Writing Better Product Descriptions

Let’s be honest, your product descriptions probably suck.

When speaking in front of an audience of web designers, I would usually touch on how the CEO is the worst person in the organization to make web design decisions, and I say this because they know their business too well – the more you know about something the greater the disconnect between you and the people you’re trying to sell your product to who don’t have your insight.  Great CEO’s who know everything there is to know about their business and product often have difficulty conveying the points of their products that are important to their customers, not just the “cool features” that were important to them in the product development cycle.  Even Steve Jobs struggled with this, but the difference between him and the rest of us is that he was surrounded by communications experts and writers who could sort through the lingo and craft a marketable message out of it.

I used to make this mistake myself quite often.  I remember giving a demo of my eCommerce platform to a consumer products company, and I spent way too much time talking about some of the high-end ultra-advanced customer retention features that I was the most impressed with. At the end, they didn’t really understand what a lot of that stuff meant – their web team would have, but the higher-ups just needed to know if it could do some specific things and would work within the context of what they were already doing.  My focus on the more advanced aspects of the platform was a distraction from what they were trying to figure out.  And that’s exactly what happens with most product descriptions – they’re written by people who “know too much”.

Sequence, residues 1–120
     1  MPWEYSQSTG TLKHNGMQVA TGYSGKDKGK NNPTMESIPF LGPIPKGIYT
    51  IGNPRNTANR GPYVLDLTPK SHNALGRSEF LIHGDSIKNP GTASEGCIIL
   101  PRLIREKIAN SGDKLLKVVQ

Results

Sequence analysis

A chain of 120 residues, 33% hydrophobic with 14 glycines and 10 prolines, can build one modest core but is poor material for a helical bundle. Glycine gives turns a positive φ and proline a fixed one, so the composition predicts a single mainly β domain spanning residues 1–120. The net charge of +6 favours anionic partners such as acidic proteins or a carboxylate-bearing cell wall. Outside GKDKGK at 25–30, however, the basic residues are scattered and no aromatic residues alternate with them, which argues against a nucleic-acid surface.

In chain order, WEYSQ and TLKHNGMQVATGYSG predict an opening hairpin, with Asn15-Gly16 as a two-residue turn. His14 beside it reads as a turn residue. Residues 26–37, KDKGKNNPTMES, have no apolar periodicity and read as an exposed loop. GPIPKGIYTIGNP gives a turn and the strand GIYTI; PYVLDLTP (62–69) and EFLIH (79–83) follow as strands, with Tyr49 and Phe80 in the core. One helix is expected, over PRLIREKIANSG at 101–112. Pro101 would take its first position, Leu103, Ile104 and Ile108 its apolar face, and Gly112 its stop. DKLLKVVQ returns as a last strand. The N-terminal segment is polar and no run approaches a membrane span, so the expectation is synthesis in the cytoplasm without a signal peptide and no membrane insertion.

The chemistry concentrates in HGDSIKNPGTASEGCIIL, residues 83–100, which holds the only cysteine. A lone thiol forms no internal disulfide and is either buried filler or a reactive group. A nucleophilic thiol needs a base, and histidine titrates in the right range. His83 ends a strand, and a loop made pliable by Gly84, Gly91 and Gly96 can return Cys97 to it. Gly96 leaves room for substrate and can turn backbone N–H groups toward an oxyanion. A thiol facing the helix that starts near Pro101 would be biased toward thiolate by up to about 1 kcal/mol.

For an example of how to do this right, take a look at Nokia’s new Lumia 1020 – these guys just came out with a phone that sports a 41 megapixel camera. For those who aren’t up to par on the latest in camera technology, your phone is probably somewhere between 4 and 12 megapixels.  Forty one is higher than pretty much every camera on the market – not just phone cameras, but point-and-shoot and DSLR cameras as well. Kind of a big deal so let’s take a look at how they describe the product on their own website:

 

Your moments captured like never before.

The Nokia Lumia 1020 takes photos and video that no other smartphone can match with a 41 megapixel camera sensor, PureView technology, Optical Image Stabilization and amazing high-resolution zoom.

Take photos like a pro.

Capturing stunning images is easier than ever with Nokia Pro Camera. Take your photos to a new level by adjusting focus, shutter speed, white balance and more with easy and intuitive controls.

Video that brings back the moment.

Capture full HD video, and zoom in up to four times without losing quality. And with Nokia Rich Recording, you can capture distortion -free, stereo sound – so you can relive the moment as if you were there again.